Brain-Science and Reaching Audiences

Nov 02

Yesterday, I had the opportunity to participate part-one of a two-part training focusing on identifying and leveraging the ways people think and behave, all according to scientific studies of the brain.  The training made me think a lot about how we are reach our audiences.  We often segment our audiences based on sex, age, socio-economic status, ethnicity, or culture in order to maximize effectiveness…but we are not able to look at the brain chemistry of the people we target.  It would be amazing if we could. 

Every person’s brain operates and takes action a little differently.  After all, we’re unique beings.  No two people share same set of genes.  (Even identical twins have “epigenetic” differences).  On top of this, no two people on this planet share all the same experiences growing up.  The way I see it, “nature” set out genetic blueprints for each of us when we were born, and “nurture” has helped to fill in these complex blueprints in years since. 


There are four different modes of thinking and everyone has thinking preferences that are wired in based on nature and nurture.  Analytical thinkers (left brain) are technical and investigative, constantly examining data and drawing critical, objective conclusions.  Structural thinkers (also left brain), are practical, extremely detail-oriented, and very organized.  Conceptual thinkers (right brain) are “big picture” people who come up with big ideas, are imaginative, and are very capable of understanding abstract approaches.  Social thinkers (also right brain) are very in-tune to the human condition, form personalized and empathic connections with others, and often incorporate teamwork into their daily lives. 

In the training yesterday, I learned that I am primarily a social and analytical thinker.  Therefore, if someone approaches me with messaging, I am most likely to take it to heart if it appeals to my emotions or makes logical sense.  Now, if someone approached another person who is mainly a structural thinker, the messaging would have to be practical and step-oriented in order to most effectively reach that person.  If someone approached another person who is mainly a conceptual thinker, the messaging would be most effective if it was presented in a way that took the individual’s whole life into account.  You get the idea.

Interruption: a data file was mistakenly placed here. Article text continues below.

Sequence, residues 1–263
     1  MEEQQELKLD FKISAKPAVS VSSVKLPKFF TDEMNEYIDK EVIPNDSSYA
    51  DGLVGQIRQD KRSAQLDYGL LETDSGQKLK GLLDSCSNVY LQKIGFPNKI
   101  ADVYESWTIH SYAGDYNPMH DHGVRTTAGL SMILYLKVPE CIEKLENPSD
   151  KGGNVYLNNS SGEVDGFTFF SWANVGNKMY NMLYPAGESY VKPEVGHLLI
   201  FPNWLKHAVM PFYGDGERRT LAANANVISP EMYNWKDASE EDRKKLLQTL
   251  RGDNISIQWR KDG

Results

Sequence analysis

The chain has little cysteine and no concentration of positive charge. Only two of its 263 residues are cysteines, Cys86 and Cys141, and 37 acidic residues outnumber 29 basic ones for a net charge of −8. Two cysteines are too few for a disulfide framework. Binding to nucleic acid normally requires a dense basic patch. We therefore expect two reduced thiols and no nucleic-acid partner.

We’re all such different thinkers and because of this, we each take in information differently.  While we can segment our audiences based on demographics, we will never be able to truly segment our audiences based on brain thinking preferences.  Because we can’t, we must always make sure that our messages in materials, media, and grassroots programming are capable of appealing to all four types of thinkers. 

Let’s say we were encouraging people with high blood pressure to lower their blood pressure.  For analytical thinkers, we could discuss credible proof of how high blood pressure can lead to major health conditions down the road.  For structural thinkers, we could make a list of steps to lower blood pressure.  For conceptual thinkers, we could show how lowering blood pressure can lead to a longer, healthier life.  For social thinkers, we could encourage them to take action not just for themselves, but for their families.   To reach every type of thinker, our messaging would have to include all of these elements in one way or another. 

Interesting, right? I love this stuff.

This entry was posted on Tuesday, November 2nd, 2010 at 5:56 pm and is filed under Behavior Change, Best Practices, Public Health, Research + Insights, Social Marketing. You can follow any responses to this entry through the RSS 2.0. Both comments and pings are currently closed.

One Response to “Brain-Science and Reaching Audiences”

  1. kristine says:

    This is so interesting. As a teacher I am always focused on my students’ learning styles. In fact, just today, I attended a professional developoment training where a good part of the morning was dedicated to auditory, visual and kinesthetic learners. It would be interesting to know my students’ thinking preferences too. I would imagine that it is also important to social marketers to reach consumers through all three learning styles. Funny, it never occured to me how much social marketers and teachers have in common. 🙂